You can’t really wear full body armour or elaborate cosplay during your everyday life without severely limiting your employment and romantic prospects. Which is why Console to Closet compiles fashionable, video game character-inspired outfits that you can proudly sport in public.
In her Geek & Sundry debut above, McGinnis introduces herself and discusses her fashion process. See below for some examples of her geek-chic ensembles.
2K Games upcoming first person shooter Evolve gets compared to Left 4 Dead quite a bit, and it’s easy to see why.
Although set in completely different worlds with completely different objectives, Evolve is a competitive first person shooter that only works if four team mates are willing to communicate with each other…constantly.
In the game, four players take on trapper, support, assault, and medic roles as they set off to find and take down a giant monster, who’s being controlled by a fifth player.
As the monster attempts to feast on various wildlife, collecting enough power to evolve through three different stages in order to reach its full level of chaotic energy, the hunters must quickly strategize about the best -and more importantly, fastest- way to kill the giant Godzilla like creature before he reaches the third stage.
Evolve, oddly enough, is both unique and just another title in a massive pack of first person shooters.
It looks like a map pulled from Lost Planet, and it handles like the majority of FPS’ you can pick up off the shelf at a local games store.
Although, it re-imagines itself in so many different venues that Evolve feels like a genre of its own.
The most fascinating gameplay aspect to the game is the ability to play as the monster, the evil boss at the end of the level.
During the show, attendees had the choice of lining up for any one of the five positions within the game. Let’s just say that while I waited five minutes to play as a medic, the line wrapping around the entire 2K booth to play as the monster was estimated at over a two hour wait.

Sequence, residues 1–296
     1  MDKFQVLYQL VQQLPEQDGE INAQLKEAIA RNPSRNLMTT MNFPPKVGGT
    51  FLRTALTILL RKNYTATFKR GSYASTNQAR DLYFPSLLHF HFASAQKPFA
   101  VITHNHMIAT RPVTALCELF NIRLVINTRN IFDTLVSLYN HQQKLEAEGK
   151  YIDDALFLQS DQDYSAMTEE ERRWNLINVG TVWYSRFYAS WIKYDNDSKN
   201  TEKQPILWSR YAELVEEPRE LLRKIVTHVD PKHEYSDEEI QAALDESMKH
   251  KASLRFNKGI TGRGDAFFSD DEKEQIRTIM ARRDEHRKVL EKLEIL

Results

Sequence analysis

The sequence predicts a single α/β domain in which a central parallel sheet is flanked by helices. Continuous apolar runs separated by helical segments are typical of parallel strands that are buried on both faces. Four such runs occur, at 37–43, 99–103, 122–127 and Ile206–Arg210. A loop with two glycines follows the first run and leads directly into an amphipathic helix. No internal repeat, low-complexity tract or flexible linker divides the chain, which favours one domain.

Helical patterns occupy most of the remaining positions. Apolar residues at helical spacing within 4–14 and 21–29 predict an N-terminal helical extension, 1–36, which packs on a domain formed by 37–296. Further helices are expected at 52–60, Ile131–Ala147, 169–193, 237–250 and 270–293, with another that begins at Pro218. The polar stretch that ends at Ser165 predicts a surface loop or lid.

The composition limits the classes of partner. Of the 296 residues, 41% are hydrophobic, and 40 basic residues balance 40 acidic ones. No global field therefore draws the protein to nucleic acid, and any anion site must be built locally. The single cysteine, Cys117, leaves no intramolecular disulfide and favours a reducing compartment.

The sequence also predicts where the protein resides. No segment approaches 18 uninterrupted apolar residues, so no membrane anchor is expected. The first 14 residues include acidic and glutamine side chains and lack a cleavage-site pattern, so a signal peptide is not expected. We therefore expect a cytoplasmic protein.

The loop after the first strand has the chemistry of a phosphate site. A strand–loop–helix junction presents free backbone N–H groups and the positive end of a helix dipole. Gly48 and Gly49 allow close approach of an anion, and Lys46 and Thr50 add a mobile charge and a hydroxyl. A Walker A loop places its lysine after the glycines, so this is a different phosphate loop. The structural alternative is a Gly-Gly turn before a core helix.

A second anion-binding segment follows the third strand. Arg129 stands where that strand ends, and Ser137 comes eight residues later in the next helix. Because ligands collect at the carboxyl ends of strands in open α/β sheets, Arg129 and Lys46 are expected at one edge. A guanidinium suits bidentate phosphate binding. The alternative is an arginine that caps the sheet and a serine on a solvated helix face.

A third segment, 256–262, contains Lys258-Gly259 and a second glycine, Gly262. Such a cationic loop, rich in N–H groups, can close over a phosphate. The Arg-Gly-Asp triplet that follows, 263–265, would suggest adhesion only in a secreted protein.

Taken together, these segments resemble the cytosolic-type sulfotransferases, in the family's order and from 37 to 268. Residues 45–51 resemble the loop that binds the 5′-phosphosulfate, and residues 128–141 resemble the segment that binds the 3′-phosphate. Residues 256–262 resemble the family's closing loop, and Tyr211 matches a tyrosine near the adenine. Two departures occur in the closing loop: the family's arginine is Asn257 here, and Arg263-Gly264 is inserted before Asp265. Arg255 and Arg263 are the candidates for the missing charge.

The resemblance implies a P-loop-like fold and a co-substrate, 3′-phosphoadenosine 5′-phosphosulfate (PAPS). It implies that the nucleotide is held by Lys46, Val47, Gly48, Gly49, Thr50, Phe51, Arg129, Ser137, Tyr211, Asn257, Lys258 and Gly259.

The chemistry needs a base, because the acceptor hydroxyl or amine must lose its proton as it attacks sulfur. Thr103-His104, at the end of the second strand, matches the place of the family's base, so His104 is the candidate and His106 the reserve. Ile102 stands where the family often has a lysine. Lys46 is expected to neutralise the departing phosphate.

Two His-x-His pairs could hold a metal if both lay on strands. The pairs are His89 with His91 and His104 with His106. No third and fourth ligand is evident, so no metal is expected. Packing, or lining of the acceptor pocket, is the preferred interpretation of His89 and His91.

It was also refreshing to see a first person shooter take players out of the typical barren militia inspired landscape and drop them into an Amazon rainforest like valley.
All of this, encompassed in one of 2K’s only competitive first person shooter titles, makes playing a game heavily reliant on an extremely well operated online system fun again.
From the brief time allotted to play the demo, it was hard to get a good grasp of what the game truly offered, but in that time, 2K had appropriately set the tone of the game and immersed the barrage of players within their realm.
If Evolve takes off it may be one of the game changing titles the industry was looking for, but there are still concerns it will fall in the cracks.
As pretty as it was, it wasn’t memorable. Decently paced, but not adrenaline fuelled by any stretch of the imagination.
It’s innovation won’t be enough to hold an audience over. It’ll feel like a gimmick, being able to play as the giant boss and annihilate friends, and the hype will quickly fade.
At this point, with just over a couple of months until release, 2K has the time to make some quick changes and fix the tiny aspects of the game that take away from its full potential.
Evolve may be one of the best competitive, four-versus-one, first person shooters on the market but it’s just not quite there yet.
One of gaming’s biggest conventions is bursting at the seams as more and more Canadian developers set up shop.
PAX East, an annual expo put on by the all things gaming website Penny Arcade, has become one of the biggest gaming consumer expos around the world, focusing on the array of independent studios that have seen a resurgence in the past couple of years.
At the forefront of the resurgence, and one of the most dominating presences at the convention, are Toronto, Montreal, and Vancouver’s top developers and studios, taking over an entire section of the showroom floor for their Canuck titles.
“There’s a really strong development scene in Canada, in general, but especially in Toronto,” Nathan Vella, co-founder of Capy Games said. “The small guys are doing extremely well, and the big guys are doing extremely well.”
Vella, who was at PAX to show off the first playable demo for his studio’s newest game, Below, pointed out fellow developers he was surrounded by, friends and colleagues from the great white north.
Including Vancouver native Ryan Clark, lead designer of the heavily anticipated dance controlled, rhythm based, dungeon crawling RPG Crypt of the Necrodancer.